In September, future House Speaker John Boehner unveiled the GOP Pledge to America, which among its other warmed-over Republican nostrums promised to save "at least $100 billion in the first year alone" from the federal budget. On the eve of the election (around the 1:50 mark of the video above), Boehner doubled down, claiming the GOP Pledge would quickly lead to "saving taxpayers $100 billiion almost immediately." In December, incoming House Budget Committee chairman Paul Ryan (R-WI) repeated the GOP guarantee that "a good $100 billion" would be trimmed. Now, after months of cowardly refusing to specify what those draconian cuts to discretionary spending might be, Republicans are acknowledging their tough-talk was merely "hypothetical."
Republican leaders are scaling back that number by as much as half, aides say, because the current fiscal year, which began Oct. 1, will be nearly half over before spending cuts could become law.
While House Republicans were never expected to succeed in enacting cuts of that scale, given opposition in the Senate from the Democratic majority and some Republicans, and from President Obama, a House vote would put potentially vulnerable Republican lawmakers on record supporting deep reductions of up to 30 percent in education, research, law enforcement, transportation and more.
Now aides say that the $100 billion figure was hypothetical, and that the objective is to get annual spending for programs other than those for the military, veterans and domestic security back to the levels of 2008, before Democrats approved stimulus spending to end the recession.
Of course, there was nothing hypothetical about the budget ax Republicans promised to wield in the actual text of their Pledge to America last fall:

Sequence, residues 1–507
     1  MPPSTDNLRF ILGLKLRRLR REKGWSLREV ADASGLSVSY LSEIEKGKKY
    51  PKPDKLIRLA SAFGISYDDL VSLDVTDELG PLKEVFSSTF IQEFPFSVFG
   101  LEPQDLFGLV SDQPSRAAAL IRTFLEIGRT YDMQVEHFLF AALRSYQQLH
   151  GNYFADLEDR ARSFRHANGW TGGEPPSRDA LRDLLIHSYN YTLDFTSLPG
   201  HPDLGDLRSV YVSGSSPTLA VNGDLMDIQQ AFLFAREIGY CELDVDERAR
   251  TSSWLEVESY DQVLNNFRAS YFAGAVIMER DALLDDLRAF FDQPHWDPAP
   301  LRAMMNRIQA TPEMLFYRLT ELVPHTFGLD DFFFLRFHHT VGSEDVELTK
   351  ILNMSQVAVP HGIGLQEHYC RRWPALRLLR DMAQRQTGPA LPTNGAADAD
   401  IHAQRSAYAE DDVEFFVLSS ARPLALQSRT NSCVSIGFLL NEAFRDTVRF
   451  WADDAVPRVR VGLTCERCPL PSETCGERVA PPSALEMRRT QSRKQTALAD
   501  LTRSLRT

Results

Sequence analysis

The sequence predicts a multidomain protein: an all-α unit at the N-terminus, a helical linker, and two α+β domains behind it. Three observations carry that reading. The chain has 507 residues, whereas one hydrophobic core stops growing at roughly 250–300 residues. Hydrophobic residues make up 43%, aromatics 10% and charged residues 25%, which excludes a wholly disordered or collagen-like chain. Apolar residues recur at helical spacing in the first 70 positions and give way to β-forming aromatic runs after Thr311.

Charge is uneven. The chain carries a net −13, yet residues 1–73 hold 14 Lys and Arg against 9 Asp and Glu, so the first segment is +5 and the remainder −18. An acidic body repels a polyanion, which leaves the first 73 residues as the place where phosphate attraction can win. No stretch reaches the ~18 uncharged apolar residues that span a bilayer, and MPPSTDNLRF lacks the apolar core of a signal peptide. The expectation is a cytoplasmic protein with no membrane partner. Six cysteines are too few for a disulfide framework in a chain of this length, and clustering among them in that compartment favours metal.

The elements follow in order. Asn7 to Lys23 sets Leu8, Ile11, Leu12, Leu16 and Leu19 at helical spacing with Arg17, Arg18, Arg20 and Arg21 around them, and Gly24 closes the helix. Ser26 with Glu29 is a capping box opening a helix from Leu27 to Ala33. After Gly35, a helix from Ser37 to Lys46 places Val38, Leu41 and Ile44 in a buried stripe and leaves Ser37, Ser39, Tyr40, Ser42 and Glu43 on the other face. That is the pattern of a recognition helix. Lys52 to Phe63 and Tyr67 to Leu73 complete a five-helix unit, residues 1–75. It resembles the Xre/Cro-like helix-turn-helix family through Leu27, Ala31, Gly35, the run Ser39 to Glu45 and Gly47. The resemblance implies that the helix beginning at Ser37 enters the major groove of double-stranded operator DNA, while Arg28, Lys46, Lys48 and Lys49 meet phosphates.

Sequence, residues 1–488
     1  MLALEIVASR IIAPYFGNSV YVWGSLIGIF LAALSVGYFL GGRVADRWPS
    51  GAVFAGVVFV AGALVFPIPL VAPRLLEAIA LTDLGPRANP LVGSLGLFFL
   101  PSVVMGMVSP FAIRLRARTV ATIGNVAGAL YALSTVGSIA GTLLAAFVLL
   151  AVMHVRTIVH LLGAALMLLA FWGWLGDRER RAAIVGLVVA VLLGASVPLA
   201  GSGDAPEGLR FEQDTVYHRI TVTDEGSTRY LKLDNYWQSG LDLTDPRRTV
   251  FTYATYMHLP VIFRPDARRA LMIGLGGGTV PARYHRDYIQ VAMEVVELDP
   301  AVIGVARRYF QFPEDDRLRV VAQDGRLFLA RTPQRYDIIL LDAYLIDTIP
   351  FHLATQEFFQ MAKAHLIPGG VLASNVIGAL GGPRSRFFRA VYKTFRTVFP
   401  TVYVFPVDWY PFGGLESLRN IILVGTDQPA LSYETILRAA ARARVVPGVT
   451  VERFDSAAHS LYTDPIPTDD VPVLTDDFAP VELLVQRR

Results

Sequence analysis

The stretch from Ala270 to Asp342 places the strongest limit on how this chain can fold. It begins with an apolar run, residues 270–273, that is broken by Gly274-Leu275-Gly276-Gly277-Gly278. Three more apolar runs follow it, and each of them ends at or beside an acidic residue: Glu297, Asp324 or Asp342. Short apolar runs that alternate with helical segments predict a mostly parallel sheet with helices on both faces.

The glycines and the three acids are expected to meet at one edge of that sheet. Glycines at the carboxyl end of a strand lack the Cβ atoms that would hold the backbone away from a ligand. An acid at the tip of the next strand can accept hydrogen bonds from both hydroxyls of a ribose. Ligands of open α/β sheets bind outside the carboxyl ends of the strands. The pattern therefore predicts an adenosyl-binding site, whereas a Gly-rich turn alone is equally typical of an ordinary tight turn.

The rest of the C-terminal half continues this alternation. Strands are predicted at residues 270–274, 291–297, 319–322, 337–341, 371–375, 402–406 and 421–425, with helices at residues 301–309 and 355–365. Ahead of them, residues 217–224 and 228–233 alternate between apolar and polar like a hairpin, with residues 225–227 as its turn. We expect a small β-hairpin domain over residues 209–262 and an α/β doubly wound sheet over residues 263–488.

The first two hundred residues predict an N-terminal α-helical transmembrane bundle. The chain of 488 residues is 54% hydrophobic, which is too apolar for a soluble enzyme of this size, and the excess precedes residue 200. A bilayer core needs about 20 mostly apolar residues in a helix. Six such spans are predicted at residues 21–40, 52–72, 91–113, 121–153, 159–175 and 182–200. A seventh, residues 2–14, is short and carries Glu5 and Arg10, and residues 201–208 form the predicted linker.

With common-sense exceptions for seniors, veterans, and our troops, we will roll back government spending to pre-stimulus, pre-bailout levels, saving us at least $100 billion in the first year alone and putting us on a path to balance the budget and pay down the debt. We will also establish strict budget caps to limit federal spending from this point forward.
A quick glance at the numbers, however, showed the Republican pledge came with an expiration date designed to come due on Election Day. As the New York Times and Bloomberg explained at the time, the GOP's promise to immediately return to pre-recession FY 2008 levels for "non-security discretionary spending" with would result in devastating cuts to popular and needed programs. With the Pentagon, Social Security and Medicare off the table, those draconian cutbacks would slash more than 20 percent of spending by departments like Education, Transportation, Interior, Commerce and Energy:
U.S. House Republicans' pledge to cut $100 billion from the federal budget next year would slash spending for education, cancer research and aid to local police and firefighters.
Keeping the midterm-campaign promise would require a Republican-led Congress to cut 21 percent of the $477 billion lawmakers have earmarked for domestic discretionary spending.
Which is why Republicans before the midterm elections and since steadfastly refused to say what cuts they would actually make.